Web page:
Infant Research & Neuroscience at Work in Psychotherapy
Expanding the Clinical Repertoire
Total CE Credit Hours: 5
Course Info URL: http://www.ce-credit.com/courses/102163
About the Course:
In this book, the author shares her journey of applying infant research and findings from neuroscience into everyday clinical practice. The research findings are used as another lens through which to view and think about non verbal, non conscious, implicit aspects of human behavior with specific application to the therapist/patient dyad. The book walks the reader through four major concepts of brain science – 1) memory 2) the mind-body connection 3) the fear system and 4) mirror neurons and shared circuitry. The book demonstrates how basic knowledge of these concepts can lead the clinician towards more effective and informed clinical work. The emerging data does not replace whatever psychodynamic/psychoanalytic model used by the clinician. Rather, it offers an additional way to think and intervene that is “beyond the words”. The scientific data is presented in an accessible way; the application to clinical practice is demonstrated through lengthy clinical vignettes. Throughout, the reader is encouraged to think about the data in relation to her own clinical practice and apply it creatively and spontaneously.
W.W. Norton & Company
Judith Rustin, L.C.S.W.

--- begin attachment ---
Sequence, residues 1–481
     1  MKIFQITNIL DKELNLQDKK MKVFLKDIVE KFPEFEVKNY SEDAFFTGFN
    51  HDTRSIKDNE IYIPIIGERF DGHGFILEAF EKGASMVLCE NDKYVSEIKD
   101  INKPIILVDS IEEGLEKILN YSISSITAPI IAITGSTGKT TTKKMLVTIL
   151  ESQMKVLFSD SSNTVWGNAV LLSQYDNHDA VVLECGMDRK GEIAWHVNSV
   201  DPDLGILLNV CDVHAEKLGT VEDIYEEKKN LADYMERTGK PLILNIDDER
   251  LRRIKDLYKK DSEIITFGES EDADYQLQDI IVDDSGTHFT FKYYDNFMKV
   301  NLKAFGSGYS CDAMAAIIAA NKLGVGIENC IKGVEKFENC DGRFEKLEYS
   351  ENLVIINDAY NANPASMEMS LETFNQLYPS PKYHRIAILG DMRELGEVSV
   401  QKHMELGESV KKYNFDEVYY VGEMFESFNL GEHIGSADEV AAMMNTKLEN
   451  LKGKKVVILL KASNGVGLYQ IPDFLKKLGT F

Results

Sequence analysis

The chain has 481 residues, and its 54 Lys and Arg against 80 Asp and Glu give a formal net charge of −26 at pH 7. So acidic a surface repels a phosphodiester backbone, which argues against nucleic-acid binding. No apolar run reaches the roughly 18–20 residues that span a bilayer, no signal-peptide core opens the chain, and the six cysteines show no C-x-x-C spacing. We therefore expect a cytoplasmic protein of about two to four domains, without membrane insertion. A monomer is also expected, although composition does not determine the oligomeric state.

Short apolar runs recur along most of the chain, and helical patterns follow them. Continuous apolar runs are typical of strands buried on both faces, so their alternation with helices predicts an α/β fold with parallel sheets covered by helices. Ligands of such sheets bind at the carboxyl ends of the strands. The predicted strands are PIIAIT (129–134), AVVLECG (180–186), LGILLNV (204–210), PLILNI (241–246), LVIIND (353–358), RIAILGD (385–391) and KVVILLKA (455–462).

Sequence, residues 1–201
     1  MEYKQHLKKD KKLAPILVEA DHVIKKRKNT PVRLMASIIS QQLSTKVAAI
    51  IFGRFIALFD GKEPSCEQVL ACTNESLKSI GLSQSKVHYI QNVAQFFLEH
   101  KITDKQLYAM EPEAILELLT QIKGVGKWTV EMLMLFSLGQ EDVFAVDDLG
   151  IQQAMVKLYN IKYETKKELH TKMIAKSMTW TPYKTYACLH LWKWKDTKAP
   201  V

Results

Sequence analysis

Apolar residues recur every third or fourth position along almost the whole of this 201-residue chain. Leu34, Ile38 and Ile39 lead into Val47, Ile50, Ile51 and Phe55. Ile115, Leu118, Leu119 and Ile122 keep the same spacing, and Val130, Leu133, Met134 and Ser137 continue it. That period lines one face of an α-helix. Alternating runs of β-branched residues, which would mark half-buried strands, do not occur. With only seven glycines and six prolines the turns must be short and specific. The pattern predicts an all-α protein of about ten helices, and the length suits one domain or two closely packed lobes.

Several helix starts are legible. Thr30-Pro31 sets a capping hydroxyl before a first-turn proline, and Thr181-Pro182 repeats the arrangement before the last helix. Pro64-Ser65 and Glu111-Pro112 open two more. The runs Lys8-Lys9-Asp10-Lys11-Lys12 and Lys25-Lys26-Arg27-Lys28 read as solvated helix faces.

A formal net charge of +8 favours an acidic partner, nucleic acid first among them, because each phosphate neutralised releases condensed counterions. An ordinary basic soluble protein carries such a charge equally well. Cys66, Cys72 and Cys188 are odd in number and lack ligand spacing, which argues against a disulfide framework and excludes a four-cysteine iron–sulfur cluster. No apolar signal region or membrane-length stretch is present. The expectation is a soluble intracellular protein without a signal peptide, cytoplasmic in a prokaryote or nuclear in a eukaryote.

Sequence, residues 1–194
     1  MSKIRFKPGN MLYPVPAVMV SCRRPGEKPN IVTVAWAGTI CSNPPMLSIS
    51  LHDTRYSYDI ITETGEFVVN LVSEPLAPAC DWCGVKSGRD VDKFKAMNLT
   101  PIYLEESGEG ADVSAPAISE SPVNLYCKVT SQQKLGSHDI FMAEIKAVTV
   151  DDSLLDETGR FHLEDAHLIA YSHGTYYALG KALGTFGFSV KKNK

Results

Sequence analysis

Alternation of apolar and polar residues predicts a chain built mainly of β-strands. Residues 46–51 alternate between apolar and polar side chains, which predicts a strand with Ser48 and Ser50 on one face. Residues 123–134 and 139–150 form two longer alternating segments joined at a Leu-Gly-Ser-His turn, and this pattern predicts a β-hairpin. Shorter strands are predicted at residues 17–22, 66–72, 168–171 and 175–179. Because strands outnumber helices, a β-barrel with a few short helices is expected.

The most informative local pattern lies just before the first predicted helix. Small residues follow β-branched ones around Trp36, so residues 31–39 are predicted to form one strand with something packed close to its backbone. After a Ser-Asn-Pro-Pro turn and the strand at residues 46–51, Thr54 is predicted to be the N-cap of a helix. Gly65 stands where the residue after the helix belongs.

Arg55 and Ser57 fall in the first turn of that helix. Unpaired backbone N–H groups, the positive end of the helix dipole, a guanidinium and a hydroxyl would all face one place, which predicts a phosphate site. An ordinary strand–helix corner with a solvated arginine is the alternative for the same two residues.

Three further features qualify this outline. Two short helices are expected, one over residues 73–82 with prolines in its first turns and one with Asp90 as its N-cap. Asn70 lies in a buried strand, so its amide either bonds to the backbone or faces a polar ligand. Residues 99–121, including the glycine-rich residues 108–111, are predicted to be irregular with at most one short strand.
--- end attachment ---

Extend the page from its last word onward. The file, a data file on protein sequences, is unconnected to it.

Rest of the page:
About the Author:
Judith Rustin, LCSW, is a faculty member and supervisor at the Institute for the Psychoanalytic Study of Subjectivity, New York City, The Psychoanalytic Psychotherapy Study Center, New York City and The Chinese American Psychoanalytic Association. She has lectured nationally and internationally on self-psychology, intersubjectivity systems theory and more recently the interface of infant research and neuroscience with these two psychoanalytic models. Her published scholarly papers and recently released book (January, 2013) Infant Research and Neuroscience at Work in Psychotherapy (W.W. Norton & Co.) cover these same subjects with particular emphasis on their application to the therapeutic dyad and the clinical process. In 2005, Other Press published Forms of Intersubjectivity in Infant Research and Adult Treatment, written with Beatrice Beebe, Steven Knoblauch and Dorienne Sorter. She maintains a private practice in New York City.
This course is recommended for health care professionals, especially psychologists and social workers who seek knowledge about infant research as it relates to neuroscience in psychotherapy. It is appropriate for an advanced level of participants’ knowledge.
Articulate basic concepts from infant research and neuroscience.
Explain how Rustin integrates concepts from infant research and neuroscience in her practice.
Describe via presentations of clinical examples from their own work the integration of these ideas.
All exam questions for the course are visible on this page for members of CE-credit.com.
If you're already a member, please login to see the exam questions for this and all other courses.